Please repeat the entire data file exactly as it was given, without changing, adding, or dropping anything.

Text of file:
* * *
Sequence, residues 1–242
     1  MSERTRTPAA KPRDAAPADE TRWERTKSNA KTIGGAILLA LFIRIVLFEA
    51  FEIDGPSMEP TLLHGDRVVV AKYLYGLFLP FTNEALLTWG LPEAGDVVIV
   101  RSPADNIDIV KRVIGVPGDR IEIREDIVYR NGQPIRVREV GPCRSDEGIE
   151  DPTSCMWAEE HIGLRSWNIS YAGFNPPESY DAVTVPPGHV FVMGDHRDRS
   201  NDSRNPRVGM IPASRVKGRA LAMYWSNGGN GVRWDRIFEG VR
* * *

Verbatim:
Sequence, residues 1–242
     1  MSERTRTPAA KPRDAAPADE TRWERTKSNA KTIGGAILLA LFIRIVLFEA
    51  FEIDGPSMEP TLLHGDRVVV AKYLYGLFLP FTNEALLTWG LPEAGDVVIV
   101  RSPADNIDIV KRVIGVPGDR IEIREDIVYR NGQPIRVREV GPCRSDEGIE
   151  DPTSCMWAEE HIGLRSWNIS YAGFNPPESY DAVTVPPGHV FVMGDHRDRS
   201  NDSRNPRVGM IPASRVKGRA LAMYWSNGGN GVRWDRIFEG VR